La Via Campesina’s Annual Report | 2022


The year 2022 marked the 30th anniversary of La Via Campesina (LVC), the international peasant movement. In 1992, during the third Continental Meeting of indigenous, Afro-descendant, and popular resistance in Nicaragua, the seeds of LVC were sown. The collective of a few organizations that gathered there pledged to build an international movement capable of giving voice and resonance to peasants worldwide, united by their rejection of the neoliberal model of rural development and their determination to be included in shaping public policies affecting them. Today, LVC comprises 182 local and national organizations in 81 countries across Africa, Asia, Europe, and the Americas.

Despite ongoing global crises such as hunger, climate change wars, and migration, LVC continues to grow in strength, harvesting major victories such as the recognition of food sovereignty by some countries, support for agroecology from the Food and Agriculture Organisation (FAO), and the adoption of the United Nations Declaration of the Rights of Peasants and Other People working in the Rural Areas (UNDROP) by the UN General Assembly. LVC occupies important multilateral spaces of global food governance to contribute in public policies in support of food sovereignty, agroecology, and popular agrarian reform.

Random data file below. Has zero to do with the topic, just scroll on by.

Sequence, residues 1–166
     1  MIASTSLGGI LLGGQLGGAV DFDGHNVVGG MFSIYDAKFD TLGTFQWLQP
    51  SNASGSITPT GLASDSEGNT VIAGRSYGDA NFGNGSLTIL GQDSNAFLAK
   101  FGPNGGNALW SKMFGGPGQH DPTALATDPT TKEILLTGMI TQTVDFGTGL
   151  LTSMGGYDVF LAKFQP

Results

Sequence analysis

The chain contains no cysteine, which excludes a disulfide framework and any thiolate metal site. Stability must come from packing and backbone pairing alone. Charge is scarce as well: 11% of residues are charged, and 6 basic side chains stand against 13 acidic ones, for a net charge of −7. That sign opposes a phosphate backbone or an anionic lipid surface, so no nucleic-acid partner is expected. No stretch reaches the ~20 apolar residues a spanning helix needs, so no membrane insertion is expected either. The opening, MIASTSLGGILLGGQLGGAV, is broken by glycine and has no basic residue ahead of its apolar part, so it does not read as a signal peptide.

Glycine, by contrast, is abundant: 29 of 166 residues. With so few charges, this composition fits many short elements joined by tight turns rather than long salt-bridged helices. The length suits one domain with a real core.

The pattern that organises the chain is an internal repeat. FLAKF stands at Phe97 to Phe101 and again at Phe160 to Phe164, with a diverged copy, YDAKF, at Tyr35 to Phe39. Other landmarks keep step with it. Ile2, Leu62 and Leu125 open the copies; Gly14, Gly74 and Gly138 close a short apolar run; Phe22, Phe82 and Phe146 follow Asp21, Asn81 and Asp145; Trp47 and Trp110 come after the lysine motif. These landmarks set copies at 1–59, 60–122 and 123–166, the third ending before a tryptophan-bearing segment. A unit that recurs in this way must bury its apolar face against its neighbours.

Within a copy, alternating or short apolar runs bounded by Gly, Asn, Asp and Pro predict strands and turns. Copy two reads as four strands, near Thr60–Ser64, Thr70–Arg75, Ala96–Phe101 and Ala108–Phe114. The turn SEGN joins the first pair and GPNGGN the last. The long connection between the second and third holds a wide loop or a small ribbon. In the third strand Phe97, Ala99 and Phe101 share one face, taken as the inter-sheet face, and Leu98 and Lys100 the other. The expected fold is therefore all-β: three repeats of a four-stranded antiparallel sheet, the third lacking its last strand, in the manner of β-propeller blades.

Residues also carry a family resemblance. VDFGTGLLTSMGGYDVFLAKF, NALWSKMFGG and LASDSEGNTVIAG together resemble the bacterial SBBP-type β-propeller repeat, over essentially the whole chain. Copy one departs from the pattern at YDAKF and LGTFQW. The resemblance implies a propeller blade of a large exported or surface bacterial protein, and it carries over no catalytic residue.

In 2022, LVC voiced strong demands and proposals to address the global crises in the short and long term. The easing of travel restrictions allowed peasant and indigenous leaders to travel to spaces of policy-framing and decision making, to make themselves heard and be counted. The collective efforts took place in all continents and aimed to build a future with food sovereignty and social justice.

In the subsequent pages of this report, we bring to you a comprehensive account of these initiatives and their outcomes. The report will also touch upon several aspects of Movement Strengthening efforts, including the active efforts to build a leadership of peasant women, spaces for deeper debates on gender diversity, and in deepening the practice of peasant feminism at all levels of La Via Campesina.